The American name for NEC's PC Engine console. It was created by NEC to get a chunk of Nintendo's video game pie. It was released to the Japanese public in September of 1987. NEC did not think the
United States was very important videogame-wise, and did not release it on this side of the Pacific until 1989. And yes, it really is spelled "grafx", although it is commonly shortened to TG16, due to spelling problems (grafx is usually misspelled graphx or graphics).
Because of Nintendo of America's 3rd party monopoly, NEC could not release most of its software. Thus, the TurboGrafx 16 was not successful in the United States, but remained #1 in japan until 1994.
It was the first videogame console to have a CD-ROM drive, which it called CDROM2. It also saw a later incarnation as the Turbo Duo.
Many net flame wars have sprung up over the belief that the Turbo Grafx 16 was not 'really' a 16 bit console. Sega and Nintendo fans usually win such wars because their large following in this country allows them to drown out all 12 of us TG16 fans.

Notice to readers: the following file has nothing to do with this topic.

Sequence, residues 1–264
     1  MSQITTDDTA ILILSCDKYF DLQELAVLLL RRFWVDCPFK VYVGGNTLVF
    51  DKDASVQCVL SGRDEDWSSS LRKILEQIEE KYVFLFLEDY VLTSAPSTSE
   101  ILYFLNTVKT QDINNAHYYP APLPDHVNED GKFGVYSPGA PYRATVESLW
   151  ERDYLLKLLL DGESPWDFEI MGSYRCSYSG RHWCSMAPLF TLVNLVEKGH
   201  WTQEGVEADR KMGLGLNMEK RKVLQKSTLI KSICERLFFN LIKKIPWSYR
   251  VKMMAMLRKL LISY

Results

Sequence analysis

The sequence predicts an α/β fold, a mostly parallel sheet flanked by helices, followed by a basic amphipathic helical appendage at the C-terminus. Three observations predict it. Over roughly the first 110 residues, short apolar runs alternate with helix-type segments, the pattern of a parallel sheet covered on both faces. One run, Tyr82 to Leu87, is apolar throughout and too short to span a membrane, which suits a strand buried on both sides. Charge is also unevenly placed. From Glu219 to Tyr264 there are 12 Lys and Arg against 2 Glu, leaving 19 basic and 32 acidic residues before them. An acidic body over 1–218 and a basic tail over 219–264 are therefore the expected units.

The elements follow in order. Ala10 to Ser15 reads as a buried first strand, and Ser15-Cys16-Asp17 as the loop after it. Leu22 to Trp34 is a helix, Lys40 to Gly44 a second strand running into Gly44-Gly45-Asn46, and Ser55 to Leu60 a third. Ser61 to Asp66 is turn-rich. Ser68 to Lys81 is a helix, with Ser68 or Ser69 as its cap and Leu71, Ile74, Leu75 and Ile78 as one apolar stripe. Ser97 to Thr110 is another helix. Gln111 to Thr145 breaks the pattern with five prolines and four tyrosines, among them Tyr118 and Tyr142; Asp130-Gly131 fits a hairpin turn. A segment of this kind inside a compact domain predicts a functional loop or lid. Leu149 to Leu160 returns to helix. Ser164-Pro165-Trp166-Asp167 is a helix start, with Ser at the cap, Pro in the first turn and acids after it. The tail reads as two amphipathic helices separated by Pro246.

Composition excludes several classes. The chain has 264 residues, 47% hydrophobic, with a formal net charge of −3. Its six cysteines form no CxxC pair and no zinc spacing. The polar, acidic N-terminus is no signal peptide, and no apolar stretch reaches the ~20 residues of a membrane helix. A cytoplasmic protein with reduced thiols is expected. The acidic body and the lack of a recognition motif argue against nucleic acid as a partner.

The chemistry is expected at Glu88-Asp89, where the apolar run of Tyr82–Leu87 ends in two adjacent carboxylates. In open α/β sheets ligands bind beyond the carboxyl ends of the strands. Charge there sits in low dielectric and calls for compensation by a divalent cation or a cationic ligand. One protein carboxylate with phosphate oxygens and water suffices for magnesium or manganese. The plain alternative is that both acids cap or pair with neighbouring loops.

Arguments against the 16 bitness of the TG16 include:
- Core (main) processor bus width (8 bits)
- Controller simplicity (only 8 buttons - directions, run, select, I, II)
- Similarities to the NES - controller, gameplay style, appearance
- Acceptance - TG16 'failed' because it was 8-bit
Arguments for the 16 bitness of the TG16 include:
- Graphics processor, color depth, bitmap size (impossible for 8-bit systems)
- Controller complexity - expanded to directions, run, select, I, II, III, IV, V, VI, theoretically more
- Competition - it stood up well agains the Genesis and Super NES - if it walks like a duck...
- Popularity - the PC Engine, the Japanese TG16, was the #1 16 bit system there)